For just about a decade after construction plans were unveiled, detractors continued to refer to the Baku-Tbilisi-Ceyhan export route mockingly as "the pipeline to nowhere."
But on July 13, international oilmen, the governments that back them and a few odd-ball adventurers like myself will celebrate an extraordinary event: the official opening of the 1760 kilometer-long BTC pipeline connecting the Caspian basin's hydrocarbon riches to the eastern Mediterranean. [For background see the Eurasia Insight archive].
First mooted in the early 1990s by Azerbaijan's first post-Soviet government, BTC was initially viewed by many as a geopolitical fantasy. For most of the 1990s, the main the pipeline was hounded by concerns about its economic viability. Initial assessments of Azerbaijani reserves in its sector of the Caspian Sea proved to be highly inflated. In order to be viable, oil volumes needed to be brought from neighboring Caspian such as Kazakhstan and Turkmenistan but those states were declining to commit to the BTC for their own internal reasons. Then, crude oil prices fell in 1998-99, going from about $25 a barrel to something closer to the low teens. The price drop made the idea of sinking an estimated $2.5 billion into a new export pipeline from Azerbaijan seem like a bad joke. So did the future of the Azerbaijani oil industry itself. On- and off-shore explorations by foreign investors were coming up with dry holes, and doom and gloom was descending on the oil patch.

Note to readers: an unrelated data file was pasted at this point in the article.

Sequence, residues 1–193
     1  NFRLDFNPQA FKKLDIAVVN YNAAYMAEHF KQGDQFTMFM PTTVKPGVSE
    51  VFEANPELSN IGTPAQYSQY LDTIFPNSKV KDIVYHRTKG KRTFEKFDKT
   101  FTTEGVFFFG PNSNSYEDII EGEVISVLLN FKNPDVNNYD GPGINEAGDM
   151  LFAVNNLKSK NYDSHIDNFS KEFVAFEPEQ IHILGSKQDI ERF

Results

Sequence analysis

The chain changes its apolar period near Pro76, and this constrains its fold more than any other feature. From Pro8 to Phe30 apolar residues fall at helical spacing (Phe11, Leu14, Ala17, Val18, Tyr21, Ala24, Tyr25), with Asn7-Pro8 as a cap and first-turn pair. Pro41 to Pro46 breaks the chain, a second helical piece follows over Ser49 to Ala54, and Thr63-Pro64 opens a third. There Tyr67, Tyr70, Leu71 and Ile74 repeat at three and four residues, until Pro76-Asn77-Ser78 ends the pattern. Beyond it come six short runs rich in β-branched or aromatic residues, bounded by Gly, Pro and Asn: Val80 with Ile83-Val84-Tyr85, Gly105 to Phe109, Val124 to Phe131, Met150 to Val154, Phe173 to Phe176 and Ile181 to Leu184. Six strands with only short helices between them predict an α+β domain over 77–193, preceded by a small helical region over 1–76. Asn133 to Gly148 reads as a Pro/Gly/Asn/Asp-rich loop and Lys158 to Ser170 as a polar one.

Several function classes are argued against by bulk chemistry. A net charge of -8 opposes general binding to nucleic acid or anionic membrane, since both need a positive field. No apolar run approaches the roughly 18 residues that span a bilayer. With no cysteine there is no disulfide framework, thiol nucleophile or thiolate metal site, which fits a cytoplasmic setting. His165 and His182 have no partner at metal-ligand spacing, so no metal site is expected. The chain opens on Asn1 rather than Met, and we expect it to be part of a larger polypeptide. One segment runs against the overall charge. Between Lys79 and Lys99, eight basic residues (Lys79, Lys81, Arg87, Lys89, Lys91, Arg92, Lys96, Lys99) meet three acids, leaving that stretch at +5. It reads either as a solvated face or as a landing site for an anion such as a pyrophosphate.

It was around then that my old pal Laurent Ruseckas, then a senior analyst for Daniel Yergin's Cambridge Energy Resource Associates, embarked on a PhD dissertation that centered on the familiar notion that economics would always triumph over politics, and used the BTC as a case study. In the preamble to the dissertation proposal, which he recently shared with me and my students as an example of how a well-argued piece of research could be so wrong, Laurent wrote:
Thomas Goltz is the author of a trilogy of books on the post-Soviet Caucasus: Azerbaijan, Chechnya and most recently, Georgia Diary (M.E. Sharpe, Armonk NY, July 2006) as well as a memoir of his days as an itinerate actor in Africa, Assassinating Shakespeare (Saqi Books, London, May 2006). He is currently a Visiting Scholar at the University of Montana, Missoula.